Governor David Paterson has been talking about New York's grim financial situation pretty much since he took office. Now, with Wall Street's troubles and the overall recession, he offered a $121.1 billion executive budget that closes a $15.4 billion budget deficit for this year and next.

Notably, education will face a cut of $700 million next year (or 3.3%); the NY Times reports, "Increased aid for operating expenses and pre-kindergarten that had been expected as part of the settlement of a long-running lawsuit of school aid would be delayed by four years under the plan." Medicaid growth would be limited and NYC will end up without $650 million in aid.

The Daily News summarized some of the proposed taxes in addition to the so-called obesity tax:

- An "iPod tax" that charges state and local sales tax for "digitally delivered entertainment services" - in other words, that new Beyonce song you download.
- State sales tax at movie theaters, sporting events, taxis, buses, limousines and cable and satellite TV and radio.
- Costlier driving with the repeal of the 8-cents-per-gallon sales tax cap on motor and diesel motor fuel, plus and increase in the auto rental tax.
- Tuition increases as SUNY and CUNY, $620 and $600 a year respectively.
- A 50 cent tax on cigars. The current tax is equal to 37% of the wholesale price, or 34 cents a cigar.
- No more sales tax break on clothes and shoes worth $110 or less, except during two weeks a year.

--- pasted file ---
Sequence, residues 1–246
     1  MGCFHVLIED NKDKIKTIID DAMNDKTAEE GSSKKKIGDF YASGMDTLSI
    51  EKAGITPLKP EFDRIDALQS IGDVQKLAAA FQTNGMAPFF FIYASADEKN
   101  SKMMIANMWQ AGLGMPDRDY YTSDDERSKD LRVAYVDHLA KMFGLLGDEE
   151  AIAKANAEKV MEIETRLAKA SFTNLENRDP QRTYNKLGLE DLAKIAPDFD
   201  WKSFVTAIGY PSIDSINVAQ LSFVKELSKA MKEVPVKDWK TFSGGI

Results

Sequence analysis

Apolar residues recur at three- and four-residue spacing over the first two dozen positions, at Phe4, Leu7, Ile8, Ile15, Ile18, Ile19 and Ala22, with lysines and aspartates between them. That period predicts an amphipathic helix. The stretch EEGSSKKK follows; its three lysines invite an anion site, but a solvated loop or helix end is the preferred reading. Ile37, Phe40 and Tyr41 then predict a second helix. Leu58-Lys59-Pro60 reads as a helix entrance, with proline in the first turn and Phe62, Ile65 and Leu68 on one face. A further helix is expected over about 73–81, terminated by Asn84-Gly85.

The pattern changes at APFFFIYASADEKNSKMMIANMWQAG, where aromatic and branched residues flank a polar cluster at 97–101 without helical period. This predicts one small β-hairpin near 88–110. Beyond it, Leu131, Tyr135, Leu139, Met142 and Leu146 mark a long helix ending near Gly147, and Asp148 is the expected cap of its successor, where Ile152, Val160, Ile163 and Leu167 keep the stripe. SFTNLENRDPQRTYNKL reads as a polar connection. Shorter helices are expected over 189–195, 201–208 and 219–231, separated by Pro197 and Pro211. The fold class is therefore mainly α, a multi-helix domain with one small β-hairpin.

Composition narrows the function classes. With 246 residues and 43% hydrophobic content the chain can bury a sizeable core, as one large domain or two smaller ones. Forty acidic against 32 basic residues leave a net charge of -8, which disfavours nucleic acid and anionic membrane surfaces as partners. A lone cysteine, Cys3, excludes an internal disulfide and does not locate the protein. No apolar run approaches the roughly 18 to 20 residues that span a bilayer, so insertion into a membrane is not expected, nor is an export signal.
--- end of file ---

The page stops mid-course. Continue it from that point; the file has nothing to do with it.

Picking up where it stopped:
- Higher taxes on wine, beer and flavored malt beverages. He would also impose an 18% tax on non-nutritional drinks like soda.
- The rich would pay more for luxury items through an additional 5% tax imposed on cars costing more than $60,000, aircraft costing more than $500,000, yachts costing at least $200,000 and jewelry and furs costing in excess of $20,000.
- In addition, a host of a fees, including those related to motor vehicle licensing and registration, parks and auto insurance, would go up, as would various state-imposed fines.

Other fees/taxes proposed, via Capital Confidential—"Local fee for hiring a public retirees, a bad check fee, and higher vehicle safety fines"—which also notes that today is the 235th anniversary of the Boston Tea Party.

Paterson said, "For years, record revenues from Wall Street allowed State spending to increase at an unsustainable rate. With the financial services industry in the midst of an unprecedented crisis, we must fundamentally reevaluate what our State can afford to spend. Change is unavoidable, and the proposals I have put forward today begin the difficult process of adapting to a new fiscal reality. Just like thousands of families across New York, our State government needs to tighten its belt and limit spending to what we can afford."

More details on the budget here. Paterson presented the budget a month early, and he is optimistic the Legislature (which is still without a Senate leader) will be able to pass it. Assemblyman James Tedisco, who heads the Republican caucus, told the Times, “The good is that he is holding the line on spending. The bad is that there are $4 billion in new taxes and fees and that will hit the middle class right in the solar plexus.” Assembly Speaker Sheldon Silver, who told the Daily News he supports raising the income tax on the wealthy, said, "I'd rather have a broad-based tax than nickel and dime various constituencies in this state.